SAN FRANCISCO – Sergio Romo retired as a San Francisco Giant just the way he wanted, pitching one final time for the team he helped to win three World Series championships and then calling it a career Monday night.
In a moment more special than he could have possibly imagined, the entertaining right-hander faced three Oakland batters in the seventh inning at Oracle Park in the exhibition finale for both clubs.
“Very fitting to find some closure in what literally is for me was a storybook career,” he told reporters, pausing to catch his breath after the Athletics' 12-6 win.
The Giants reached out a few weeks back seeing whether Romo might consider tossing an inning — he looked at his arm and asked if it could give it one last hurrah. He had already taken up golf.
“I understand how special this opportunity was,” he said.
So, Bay Area baseball fans were treated to a last listen of Romo's long-time signature “El Mechon” walk-up tune, too, and he basked in the cheers.
But ahead of unleashing his nasty slider, Romo got a dose of what he'll be missing in the new, modern baseball world — he was immediately called for two clock violations by the plate umpire, resulting in a pair of automatic balls.
The first was for taking too long to finish his warmup tosses. The second was for taking too long to throw his first pitch.
Going against one of his former teams, and starting with a 2-0 count, Romo quickly walked his first batter. He threw a wild pitch and surrendered two singles that scored a run before former teammate Hunter Pence walked out to make a pitching change.
The 40-year-old Romo soaked it all in as he made his way to the dugout, tipped his cap and hugged Giants manager Gabe Kapler and others in a sensational sendoff.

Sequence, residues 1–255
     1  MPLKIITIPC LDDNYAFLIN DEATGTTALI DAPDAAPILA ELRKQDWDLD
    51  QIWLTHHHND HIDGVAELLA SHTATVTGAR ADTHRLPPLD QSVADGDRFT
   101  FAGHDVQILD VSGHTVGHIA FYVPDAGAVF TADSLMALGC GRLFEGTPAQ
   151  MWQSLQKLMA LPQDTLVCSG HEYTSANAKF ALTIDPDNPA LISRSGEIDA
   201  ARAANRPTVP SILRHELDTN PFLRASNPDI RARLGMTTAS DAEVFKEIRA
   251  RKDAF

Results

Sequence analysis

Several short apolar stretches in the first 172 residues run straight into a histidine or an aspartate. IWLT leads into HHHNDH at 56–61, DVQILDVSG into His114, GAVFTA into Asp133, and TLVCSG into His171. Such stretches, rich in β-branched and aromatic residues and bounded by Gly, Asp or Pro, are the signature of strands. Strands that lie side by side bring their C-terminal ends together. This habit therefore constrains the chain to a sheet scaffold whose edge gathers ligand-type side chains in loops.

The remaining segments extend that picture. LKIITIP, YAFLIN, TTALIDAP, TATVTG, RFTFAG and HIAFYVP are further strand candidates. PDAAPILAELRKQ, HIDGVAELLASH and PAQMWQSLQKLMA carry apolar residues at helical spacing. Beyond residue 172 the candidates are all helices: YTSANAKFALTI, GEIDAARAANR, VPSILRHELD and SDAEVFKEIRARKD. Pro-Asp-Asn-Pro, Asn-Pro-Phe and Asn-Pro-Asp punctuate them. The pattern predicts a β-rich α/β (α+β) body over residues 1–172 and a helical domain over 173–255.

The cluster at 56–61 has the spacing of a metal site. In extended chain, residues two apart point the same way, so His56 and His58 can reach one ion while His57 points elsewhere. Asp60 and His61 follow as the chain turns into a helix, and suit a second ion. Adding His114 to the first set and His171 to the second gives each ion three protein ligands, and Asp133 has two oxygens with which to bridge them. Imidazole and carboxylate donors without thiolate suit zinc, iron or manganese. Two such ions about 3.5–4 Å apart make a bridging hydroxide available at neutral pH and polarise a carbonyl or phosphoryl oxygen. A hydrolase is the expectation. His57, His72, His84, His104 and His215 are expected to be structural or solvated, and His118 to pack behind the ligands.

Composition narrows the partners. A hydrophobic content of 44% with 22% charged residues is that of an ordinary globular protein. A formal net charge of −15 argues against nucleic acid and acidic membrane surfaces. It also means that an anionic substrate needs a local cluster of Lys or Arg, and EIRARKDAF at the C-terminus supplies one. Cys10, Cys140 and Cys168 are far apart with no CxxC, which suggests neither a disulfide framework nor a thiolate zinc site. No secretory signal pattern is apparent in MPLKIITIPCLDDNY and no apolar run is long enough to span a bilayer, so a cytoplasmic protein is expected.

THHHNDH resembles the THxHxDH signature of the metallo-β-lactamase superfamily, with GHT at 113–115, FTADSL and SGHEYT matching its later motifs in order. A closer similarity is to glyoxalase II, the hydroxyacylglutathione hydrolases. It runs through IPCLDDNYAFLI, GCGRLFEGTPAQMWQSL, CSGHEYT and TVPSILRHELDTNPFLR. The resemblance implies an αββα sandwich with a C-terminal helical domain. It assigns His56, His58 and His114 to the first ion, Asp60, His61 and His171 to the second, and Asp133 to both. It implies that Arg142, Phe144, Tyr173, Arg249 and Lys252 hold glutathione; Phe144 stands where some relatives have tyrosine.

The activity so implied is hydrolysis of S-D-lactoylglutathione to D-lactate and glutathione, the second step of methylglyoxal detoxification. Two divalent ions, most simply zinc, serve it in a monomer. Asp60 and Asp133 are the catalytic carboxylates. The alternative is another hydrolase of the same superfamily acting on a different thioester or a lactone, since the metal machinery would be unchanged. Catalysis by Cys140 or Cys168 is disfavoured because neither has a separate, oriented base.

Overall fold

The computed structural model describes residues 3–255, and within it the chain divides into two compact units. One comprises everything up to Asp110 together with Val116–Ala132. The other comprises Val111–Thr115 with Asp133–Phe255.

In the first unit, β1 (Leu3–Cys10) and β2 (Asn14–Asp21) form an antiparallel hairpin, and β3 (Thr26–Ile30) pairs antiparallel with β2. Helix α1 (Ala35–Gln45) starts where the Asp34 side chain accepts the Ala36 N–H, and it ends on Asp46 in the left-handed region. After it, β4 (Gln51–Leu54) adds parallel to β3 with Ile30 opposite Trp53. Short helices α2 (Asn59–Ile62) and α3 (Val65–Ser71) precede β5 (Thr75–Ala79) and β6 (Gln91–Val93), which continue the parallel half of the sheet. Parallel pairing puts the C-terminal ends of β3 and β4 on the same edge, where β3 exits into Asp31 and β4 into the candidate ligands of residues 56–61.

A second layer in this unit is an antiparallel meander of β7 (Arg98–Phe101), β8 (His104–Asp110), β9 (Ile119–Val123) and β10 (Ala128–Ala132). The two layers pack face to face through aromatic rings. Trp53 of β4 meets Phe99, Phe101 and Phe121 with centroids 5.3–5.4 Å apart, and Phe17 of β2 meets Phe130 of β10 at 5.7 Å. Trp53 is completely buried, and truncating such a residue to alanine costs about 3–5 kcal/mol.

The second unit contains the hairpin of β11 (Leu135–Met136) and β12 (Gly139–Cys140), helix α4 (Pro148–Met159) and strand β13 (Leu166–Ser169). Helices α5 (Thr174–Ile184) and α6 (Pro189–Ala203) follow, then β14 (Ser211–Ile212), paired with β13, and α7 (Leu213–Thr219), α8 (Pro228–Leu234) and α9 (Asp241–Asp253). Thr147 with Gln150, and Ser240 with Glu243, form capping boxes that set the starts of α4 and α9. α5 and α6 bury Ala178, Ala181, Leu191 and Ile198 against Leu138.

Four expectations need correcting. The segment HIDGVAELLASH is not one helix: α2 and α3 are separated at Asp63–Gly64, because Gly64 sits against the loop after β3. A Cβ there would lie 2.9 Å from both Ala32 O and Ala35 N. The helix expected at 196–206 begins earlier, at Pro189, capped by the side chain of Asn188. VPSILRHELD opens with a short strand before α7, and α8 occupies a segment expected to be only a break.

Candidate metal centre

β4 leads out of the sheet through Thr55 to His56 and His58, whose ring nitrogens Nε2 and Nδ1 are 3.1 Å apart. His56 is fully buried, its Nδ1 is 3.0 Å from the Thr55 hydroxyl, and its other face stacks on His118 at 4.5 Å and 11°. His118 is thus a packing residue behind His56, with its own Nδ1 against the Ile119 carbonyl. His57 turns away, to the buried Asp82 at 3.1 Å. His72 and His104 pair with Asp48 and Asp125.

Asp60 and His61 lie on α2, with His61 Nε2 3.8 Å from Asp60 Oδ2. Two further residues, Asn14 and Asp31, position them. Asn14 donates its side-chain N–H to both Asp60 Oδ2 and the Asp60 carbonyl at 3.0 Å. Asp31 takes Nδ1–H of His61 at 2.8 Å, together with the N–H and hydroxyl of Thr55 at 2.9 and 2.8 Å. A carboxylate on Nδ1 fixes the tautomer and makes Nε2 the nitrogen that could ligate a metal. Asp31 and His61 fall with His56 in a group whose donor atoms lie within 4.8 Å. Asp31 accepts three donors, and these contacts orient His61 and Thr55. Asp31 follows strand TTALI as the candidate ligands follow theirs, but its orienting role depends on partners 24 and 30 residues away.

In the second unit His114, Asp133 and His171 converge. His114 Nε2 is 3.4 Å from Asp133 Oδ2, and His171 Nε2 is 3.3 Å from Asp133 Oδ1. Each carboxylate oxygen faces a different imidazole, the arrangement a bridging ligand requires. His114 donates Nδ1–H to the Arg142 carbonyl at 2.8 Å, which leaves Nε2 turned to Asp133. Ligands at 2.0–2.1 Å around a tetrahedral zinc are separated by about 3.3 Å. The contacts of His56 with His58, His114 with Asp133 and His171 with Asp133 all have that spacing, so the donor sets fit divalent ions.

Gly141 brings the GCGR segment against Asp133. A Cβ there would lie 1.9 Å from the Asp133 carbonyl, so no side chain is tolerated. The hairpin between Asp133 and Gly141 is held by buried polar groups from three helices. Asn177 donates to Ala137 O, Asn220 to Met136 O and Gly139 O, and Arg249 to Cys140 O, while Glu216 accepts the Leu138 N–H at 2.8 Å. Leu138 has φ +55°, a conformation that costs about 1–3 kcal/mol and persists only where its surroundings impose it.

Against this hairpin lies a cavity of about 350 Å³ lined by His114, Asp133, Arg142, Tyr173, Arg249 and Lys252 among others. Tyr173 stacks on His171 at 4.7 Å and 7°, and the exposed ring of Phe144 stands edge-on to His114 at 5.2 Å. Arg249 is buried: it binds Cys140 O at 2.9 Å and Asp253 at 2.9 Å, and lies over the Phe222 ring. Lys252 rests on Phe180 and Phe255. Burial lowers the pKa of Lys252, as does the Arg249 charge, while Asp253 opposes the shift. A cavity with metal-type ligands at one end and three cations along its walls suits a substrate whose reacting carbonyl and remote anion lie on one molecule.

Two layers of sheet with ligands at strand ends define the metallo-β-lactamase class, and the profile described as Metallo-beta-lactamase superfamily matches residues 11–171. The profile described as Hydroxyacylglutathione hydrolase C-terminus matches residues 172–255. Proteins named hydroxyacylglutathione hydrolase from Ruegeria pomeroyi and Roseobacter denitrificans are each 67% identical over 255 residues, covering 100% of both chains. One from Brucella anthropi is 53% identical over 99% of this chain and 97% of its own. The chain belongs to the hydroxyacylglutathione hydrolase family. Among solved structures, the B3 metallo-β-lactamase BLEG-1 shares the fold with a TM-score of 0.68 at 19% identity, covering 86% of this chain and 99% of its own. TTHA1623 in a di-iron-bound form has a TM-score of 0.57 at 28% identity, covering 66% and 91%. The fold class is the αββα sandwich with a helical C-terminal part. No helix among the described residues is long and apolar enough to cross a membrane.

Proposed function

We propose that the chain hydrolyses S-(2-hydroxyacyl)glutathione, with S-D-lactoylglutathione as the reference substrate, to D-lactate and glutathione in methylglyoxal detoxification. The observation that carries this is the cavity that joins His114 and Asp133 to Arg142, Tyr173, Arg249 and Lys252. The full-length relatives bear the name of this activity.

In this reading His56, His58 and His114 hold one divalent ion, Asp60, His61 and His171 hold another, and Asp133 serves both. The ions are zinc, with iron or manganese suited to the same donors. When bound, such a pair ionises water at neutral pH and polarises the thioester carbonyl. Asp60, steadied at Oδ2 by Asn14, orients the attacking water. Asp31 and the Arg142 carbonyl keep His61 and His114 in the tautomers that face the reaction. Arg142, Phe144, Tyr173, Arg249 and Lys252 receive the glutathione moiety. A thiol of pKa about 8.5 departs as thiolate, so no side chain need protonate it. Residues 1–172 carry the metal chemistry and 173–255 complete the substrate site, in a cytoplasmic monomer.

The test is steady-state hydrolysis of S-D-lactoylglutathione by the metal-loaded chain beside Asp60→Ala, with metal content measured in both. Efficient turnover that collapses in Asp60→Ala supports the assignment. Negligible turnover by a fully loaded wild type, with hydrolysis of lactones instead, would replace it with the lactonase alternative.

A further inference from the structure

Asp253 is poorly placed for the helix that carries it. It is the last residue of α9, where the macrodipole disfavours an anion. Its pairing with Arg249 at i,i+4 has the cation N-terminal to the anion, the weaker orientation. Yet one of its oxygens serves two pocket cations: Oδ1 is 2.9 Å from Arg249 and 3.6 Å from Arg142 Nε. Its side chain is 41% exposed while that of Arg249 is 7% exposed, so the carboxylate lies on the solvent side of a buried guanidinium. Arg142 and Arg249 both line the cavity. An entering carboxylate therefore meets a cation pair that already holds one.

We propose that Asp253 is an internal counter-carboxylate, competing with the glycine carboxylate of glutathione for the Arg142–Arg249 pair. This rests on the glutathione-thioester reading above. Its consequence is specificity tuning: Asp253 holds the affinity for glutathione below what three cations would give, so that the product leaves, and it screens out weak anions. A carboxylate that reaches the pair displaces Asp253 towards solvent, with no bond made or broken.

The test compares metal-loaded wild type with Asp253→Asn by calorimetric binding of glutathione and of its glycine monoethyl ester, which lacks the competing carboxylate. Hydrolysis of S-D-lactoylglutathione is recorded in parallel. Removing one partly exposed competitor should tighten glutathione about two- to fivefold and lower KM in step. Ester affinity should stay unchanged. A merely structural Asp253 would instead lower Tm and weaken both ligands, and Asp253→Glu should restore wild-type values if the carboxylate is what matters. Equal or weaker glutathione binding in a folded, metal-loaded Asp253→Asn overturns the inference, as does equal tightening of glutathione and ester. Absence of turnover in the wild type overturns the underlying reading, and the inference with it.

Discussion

Romo got a curtain call and fought tears as he went back into the dugout.
Saluted with a rousing ovation when he strolled to the bullpen to begin his warmup tosses, Romo received more cheers when he came into the spring training game. The A's players watched and clapped from their dugout rail and the Giants grinned witnessing the emotional goodbye to baseball.
Ever popular with the home fans, Romo wore a special hat. All during spring training, every time a kid asked for an autograph, he'd have them sign his cap.
“If this is was the last hat I was going to wear in the big leagues ... I figured it would be nice to not go in there alone," he said.
Romo played 15 seasons for eight different organizations, including the Athletics, spending his initial nine years with the Giants. The reliever shared a goodbye note Monday to San Francisco on The Players' Tribune.
“Dear San Francisco, Tonight I get to do something one last time — something that’s been one of the biggest honors of my whole life: I get to put on a Giants jersey. And before I go do that, I just wanted to write this letter, and share some thoughts with you all. Thanks for reading,” he said.
On Sunday in Oakland, Romo greeted fans and fist-bumped youngsters as he made his farewell rounds. On his Instagram account, the ever-creative Romo posted a photo of himself holding a sign similar to those of students on the first day of school but signifying his last day in the majors.
Romo grew up in Brawley, California, about 125 miles east of San Diego and some 30 miles north of Mexicali, Baja California, Mexico. He was a 2013 All-Star for the Giants and posted a career record of 42-36 with a 3.21 ERA and 137 saves over 821 appearances spanning 722 2/3 innings. Last year, he pitched a combined 23 games for Seattle and Toronto.
He also played for the Dodgers, Tampa Bay, Miami and Minnesota. A 28th-round draft pick by San Francisco in 2005 out of Colorado Mesa University in Grand Junction, Colorado, Romo was a key member of manager Bruce Bochy's stellar bullpen soon after making his big league debut in 2008.
Romo helped the Giants win every-other-year titles in 2010, ‘12 and ’14 — the 2010 team capturing the franchise's first championship since 1954 and first in San Francisco since moving West in 1958.
Romo excelled in those games, posting a 0.00 ERA and three saves in six World Series appearances.
And long after those October highlights, Romo wound up on the very same mound for the last time, finishing up on March night.
“What an experience,” he said.
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